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Editorial: NH voters, beware of radical threat on ballot

  • Croydon, N.H., Selectboard Member Ian Underwood listens during a meeting of the Schoolboard, of which his wife Jody Underwood is chair, at the Town Hall on Monday, March 14, 2022. An amendment he proposed to cut the school budget from a proposed $1.79 million to $800,000 passed at the town's annual school meeting on Saturday. (Valley News - James M. Patterson) Copyright Valley News. May not be reprinted or used online without permission. Send requests to permission@vnews.com. James M. Patterson

Published: 9/10/2022 8:04:07 PM
Modified: 9/10/2022 8:00:11 PM

In 2003, when the Free State Project first declared New Hampshire the promised land, libertarians who answered the call to move to the Live Free or Die state were regarded in some circles as harmless cranks who read Ayn Rand at an early age and never got over it. Twenty years later, only 6,200 out of a projected 20,000 have arrived, but while they may be cranks, the Free Staters have proved to be anything but harmless. They have done a lot of damage already and are trying to further bend state and local government to their radical will.

In the Upper Valley, perhaps the most notable example occurred in Croydon this year, where Ian Underwood — Selectboard member, Free State stalwart and husband of the School Board chairwoman — took advantage of a sparsely attended annual School District meeting to propose cutting the school budget by more than half, a surprise motion that passed by a vote of 20 to 14. Chastened residents of the town, which has a population of 800, mobilized to overwhelmingly overturn the cut at a subsequent meeting, 377 to 2, and have since organized to guard against further such shenanigans. Croydon may have learned its lesson, but many other communities — especially small ones where a sprinkling of Free Staters can wield outsized influence — remain at risk.

The Free Staters have made significant inroads in the Legislature as well. While only about 25 legislators in the 400-member House are known to be Free Staters, they have many allies in the Republican “liberty” caucus, where they have helped to vastly expand school choice at the expense of public education; rolled back permit requirements for carrying firearms; endorsed tax cuts for business; and pushed back aggressively against government public-health measures during the COVID-19 pandemic.

House Majority Leader Jason Osborne, who moved to New Hampshire from Ohio in 2010 as a Free State immigrant, is an exemplar of such legislators. He was in the news lately when a 2010 post to a libertarian forum resurfaced in which he repeatedly employed a racist epithet to refer to Black people while attempting to equate lynching with child sex abuse as an abhorrent form of behavior.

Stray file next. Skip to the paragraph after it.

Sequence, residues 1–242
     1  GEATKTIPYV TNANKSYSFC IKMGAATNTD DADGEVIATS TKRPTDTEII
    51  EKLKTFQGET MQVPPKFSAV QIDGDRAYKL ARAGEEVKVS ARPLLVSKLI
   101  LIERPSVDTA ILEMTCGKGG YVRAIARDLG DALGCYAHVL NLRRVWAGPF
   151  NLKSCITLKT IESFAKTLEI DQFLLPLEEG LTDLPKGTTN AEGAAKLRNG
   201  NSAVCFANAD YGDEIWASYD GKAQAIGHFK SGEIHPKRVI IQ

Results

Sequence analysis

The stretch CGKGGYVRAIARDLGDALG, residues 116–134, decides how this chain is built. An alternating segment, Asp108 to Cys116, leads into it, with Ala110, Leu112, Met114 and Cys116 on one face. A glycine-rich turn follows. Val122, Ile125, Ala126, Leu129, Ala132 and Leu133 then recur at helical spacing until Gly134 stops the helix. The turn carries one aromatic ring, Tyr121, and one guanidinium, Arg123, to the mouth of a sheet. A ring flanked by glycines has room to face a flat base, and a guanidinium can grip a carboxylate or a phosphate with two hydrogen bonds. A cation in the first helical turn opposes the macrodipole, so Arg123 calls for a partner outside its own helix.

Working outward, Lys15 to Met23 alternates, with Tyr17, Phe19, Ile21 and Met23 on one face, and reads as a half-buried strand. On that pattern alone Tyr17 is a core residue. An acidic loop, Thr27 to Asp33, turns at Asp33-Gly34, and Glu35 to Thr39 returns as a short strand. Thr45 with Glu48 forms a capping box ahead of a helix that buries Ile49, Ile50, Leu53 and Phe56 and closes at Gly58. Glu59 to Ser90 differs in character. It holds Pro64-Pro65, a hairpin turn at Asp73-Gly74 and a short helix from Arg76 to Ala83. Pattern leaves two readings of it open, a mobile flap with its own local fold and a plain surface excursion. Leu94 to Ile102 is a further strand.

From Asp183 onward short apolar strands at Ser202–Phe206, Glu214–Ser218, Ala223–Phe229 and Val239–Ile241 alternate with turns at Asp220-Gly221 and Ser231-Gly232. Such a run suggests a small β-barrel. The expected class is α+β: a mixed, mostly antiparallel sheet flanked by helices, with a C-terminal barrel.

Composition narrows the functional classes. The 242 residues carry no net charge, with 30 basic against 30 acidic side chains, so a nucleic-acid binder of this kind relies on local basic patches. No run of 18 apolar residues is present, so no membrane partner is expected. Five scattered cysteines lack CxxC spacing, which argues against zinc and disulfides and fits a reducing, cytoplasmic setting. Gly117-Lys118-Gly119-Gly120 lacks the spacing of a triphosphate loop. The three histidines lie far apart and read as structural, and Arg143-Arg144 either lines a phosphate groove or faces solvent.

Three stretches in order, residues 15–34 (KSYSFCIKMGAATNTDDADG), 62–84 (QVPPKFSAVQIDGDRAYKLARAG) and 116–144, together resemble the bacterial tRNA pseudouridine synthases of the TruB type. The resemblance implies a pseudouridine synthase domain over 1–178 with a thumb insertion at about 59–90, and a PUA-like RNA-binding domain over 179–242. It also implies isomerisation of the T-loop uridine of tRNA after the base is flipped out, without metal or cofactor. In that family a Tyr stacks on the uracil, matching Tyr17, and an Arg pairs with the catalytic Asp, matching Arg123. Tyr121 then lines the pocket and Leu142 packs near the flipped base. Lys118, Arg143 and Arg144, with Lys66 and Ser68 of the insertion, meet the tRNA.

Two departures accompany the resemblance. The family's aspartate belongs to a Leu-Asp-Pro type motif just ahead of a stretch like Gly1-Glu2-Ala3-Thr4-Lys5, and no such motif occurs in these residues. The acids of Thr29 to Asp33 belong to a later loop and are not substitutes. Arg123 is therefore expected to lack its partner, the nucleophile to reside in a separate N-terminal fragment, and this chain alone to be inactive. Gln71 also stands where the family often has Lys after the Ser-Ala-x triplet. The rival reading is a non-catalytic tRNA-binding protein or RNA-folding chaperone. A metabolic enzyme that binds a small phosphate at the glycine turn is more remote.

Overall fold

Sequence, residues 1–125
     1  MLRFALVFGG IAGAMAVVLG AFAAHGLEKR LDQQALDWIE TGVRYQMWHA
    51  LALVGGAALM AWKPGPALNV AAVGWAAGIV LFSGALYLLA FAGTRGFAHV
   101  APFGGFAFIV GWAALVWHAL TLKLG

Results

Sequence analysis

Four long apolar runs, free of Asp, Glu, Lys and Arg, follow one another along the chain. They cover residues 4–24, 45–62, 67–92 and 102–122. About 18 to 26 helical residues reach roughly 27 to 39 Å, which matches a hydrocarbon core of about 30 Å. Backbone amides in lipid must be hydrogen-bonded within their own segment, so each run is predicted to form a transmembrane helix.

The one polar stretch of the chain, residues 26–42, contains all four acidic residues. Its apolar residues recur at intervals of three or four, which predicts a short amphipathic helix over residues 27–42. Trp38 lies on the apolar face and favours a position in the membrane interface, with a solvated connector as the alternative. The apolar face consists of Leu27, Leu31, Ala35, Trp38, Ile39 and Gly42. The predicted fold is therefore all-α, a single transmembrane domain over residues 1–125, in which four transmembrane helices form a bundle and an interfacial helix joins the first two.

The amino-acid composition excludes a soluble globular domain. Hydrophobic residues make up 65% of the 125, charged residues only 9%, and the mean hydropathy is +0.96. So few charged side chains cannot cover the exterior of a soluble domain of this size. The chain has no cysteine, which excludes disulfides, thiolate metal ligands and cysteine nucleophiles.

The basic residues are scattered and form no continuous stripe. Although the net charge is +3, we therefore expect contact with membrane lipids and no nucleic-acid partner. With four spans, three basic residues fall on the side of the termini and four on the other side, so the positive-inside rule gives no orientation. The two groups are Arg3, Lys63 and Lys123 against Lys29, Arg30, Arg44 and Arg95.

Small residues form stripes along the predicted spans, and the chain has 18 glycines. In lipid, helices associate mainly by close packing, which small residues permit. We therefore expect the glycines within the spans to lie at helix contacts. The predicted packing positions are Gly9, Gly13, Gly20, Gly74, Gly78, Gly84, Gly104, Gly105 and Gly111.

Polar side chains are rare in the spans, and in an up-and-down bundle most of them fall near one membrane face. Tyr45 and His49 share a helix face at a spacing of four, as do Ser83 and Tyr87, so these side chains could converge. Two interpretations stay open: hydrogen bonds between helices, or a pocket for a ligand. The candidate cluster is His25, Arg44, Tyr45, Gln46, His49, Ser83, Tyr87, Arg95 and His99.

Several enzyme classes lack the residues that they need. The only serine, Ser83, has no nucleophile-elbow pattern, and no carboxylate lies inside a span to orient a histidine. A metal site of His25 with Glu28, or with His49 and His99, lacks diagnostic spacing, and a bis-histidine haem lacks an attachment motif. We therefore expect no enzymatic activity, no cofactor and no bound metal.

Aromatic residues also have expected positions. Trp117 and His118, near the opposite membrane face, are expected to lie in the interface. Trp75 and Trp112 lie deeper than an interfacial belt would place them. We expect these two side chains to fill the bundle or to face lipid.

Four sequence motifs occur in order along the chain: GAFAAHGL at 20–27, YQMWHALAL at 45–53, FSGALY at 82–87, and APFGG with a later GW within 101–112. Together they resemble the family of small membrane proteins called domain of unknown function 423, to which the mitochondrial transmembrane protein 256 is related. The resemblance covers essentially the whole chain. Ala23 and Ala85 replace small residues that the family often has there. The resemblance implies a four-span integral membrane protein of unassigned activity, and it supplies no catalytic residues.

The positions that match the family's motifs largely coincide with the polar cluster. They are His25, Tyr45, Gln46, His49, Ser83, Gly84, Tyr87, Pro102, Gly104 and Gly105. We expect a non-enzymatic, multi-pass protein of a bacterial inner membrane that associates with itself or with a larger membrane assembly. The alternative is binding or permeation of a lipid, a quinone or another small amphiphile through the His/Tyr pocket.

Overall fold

Osborne’s apology, which noted that he was 33 years old at the time of writing the post, contained the declaration that he would never use such language now and that in the years following that post, he became a new man when he lost weight, stopped drinking and went back to church. This admirable personal transformation did not, however, manifest itself this summer when he urged Americans to celebrate July 4 by laying “off the calories” and grabbing “a few more rounds for your AK-47.” Maybe after another 12 years and many more mass shootings, he will outgrow that sentiment as well.

In Belknap County, a Free State stronghold, efforts by libertarians to privatize the county-owned Gunstock Mountain Resort have been stymied so far by Gov. Chris Sununu, who has called for the ouster of three Republican legislators who exercise an oversight role at the resort. One of the three, Rep. Michael Sylvia, supports having New Hampshire secede from the United States, a goal shared by an estimated 40% of Free Staters.

And New Hampshire Public Radio reported last month that the Free Staters tweeted out a list of churches in the state that they consider “woke” — that is, those who support the LGBTQ+ community, condemn racism and back measures to respond to COVID-19. Apparently while the Free Staters’ cherish the right to be left alone themselves, they do not extend that courtesy to congregations that differ in their views.

New Hampshire has long had a libertarian streak when it comes to limited government and low taxes, but the Free Staters brand is radical. Although rarely articulated, it embraces the fantasy of a future in which individuals are empowered to do exactly what they want to do, when they want to do it, and no one is forced to do anything they don’t want to.

Voters beware. Know who you are voting for, and what they believe. The Free Staters are quietly embarked on a hostile takeover of New Hampshire government for their own ends, which amount to exalting the almighty individual above the needs and aspirations of society at large.


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